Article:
Democratic presidential hopeful Bernie SandersBernie SandersTrump speaks with top Dem about high drug prices Sanders supports women marchers with tweet Five takeaways from Trump's inauguration MORE is aiming to use Saturday’s series of caucuses as a springboard to gain ground on rival Hillary ClintonHillary Rodham ClintonMichael Moore tears up copy of Washington Post at women's march Clinton thanks protesters ahead of women’s march Pro-choice feminists can't take women's rights hostage MORE.
The two are facing off in Alaska, Hawaii and Washington state on Saturday, with a total of 142 pledged delegates on the line.
Washington is the biggest prize of the day, with 101 delegates itself. Hawaii offers 25, and Alaska 16.
Sanders can gain a big shot of momentum with multiple wins Saturday, but he can’t fully erase Clinton’s lead.
The former secretary of State has earned 1,223 pledged delegates so far, with Sanders at 920.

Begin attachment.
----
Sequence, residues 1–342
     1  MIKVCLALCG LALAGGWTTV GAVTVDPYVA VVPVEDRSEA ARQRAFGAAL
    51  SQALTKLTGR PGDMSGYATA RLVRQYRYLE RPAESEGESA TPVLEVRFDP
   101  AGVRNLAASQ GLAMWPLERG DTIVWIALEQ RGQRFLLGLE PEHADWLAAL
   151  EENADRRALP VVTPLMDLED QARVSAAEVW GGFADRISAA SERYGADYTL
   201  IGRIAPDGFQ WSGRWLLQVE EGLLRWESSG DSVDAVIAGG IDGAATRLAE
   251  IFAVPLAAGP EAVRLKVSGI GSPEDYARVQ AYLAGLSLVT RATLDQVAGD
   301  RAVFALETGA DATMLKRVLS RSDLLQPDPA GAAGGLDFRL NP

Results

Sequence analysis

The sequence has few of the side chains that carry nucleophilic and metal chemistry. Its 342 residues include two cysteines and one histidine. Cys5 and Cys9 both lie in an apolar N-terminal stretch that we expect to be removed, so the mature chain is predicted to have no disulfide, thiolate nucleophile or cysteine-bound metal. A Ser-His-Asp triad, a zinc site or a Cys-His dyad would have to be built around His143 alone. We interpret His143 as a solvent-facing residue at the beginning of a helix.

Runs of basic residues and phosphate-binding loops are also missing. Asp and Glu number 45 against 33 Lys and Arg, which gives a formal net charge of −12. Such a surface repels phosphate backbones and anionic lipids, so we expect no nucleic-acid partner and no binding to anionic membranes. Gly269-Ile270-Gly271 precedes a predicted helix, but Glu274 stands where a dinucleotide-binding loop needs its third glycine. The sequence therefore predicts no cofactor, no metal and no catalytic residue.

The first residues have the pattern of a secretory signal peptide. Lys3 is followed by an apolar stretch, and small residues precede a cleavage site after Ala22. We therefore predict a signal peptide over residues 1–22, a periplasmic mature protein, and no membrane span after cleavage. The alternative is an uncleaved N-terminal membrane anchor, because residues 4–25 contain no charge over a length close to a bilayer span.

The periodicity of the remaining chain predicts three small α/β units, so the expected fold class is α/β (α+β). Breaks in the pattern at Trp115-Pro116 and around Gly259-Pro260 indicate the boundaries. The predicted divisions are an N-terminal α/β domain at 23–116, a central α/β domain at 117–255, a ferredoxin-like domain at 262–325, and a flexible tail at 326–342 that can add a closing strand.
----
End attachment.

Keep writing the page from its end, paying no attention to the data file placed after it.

Clinton also has the support of 468 super delegates, while the Vermont senator has 29.
But Sanders sees a path to victory that runs through the West Coast.
An estimated 15,000 people showed up to hear him speak in Seattle on Friday, where he underlined the importance of the West’s primaries.
“We have now won 11 states. And if there are large turnouts in Washington, Hawaii and Alaska, we have a shot to win three more,” he said.
“And I believe that if we win here in Washington, we’re gonna win in California, we are gonna win in Oregon, and we’ve got a real path toward victory.”
During her own campaigning in the state, Clinton emphasized her lead in the race, which her campaign has characterized as “insurmountable.”
"I have gotten 2.6 million more votes than Bernie Sanders," she said during an earlier campaign stop in Everett, Wash. "We are on the path to the nomination, and I want Washington to be part of how we get there."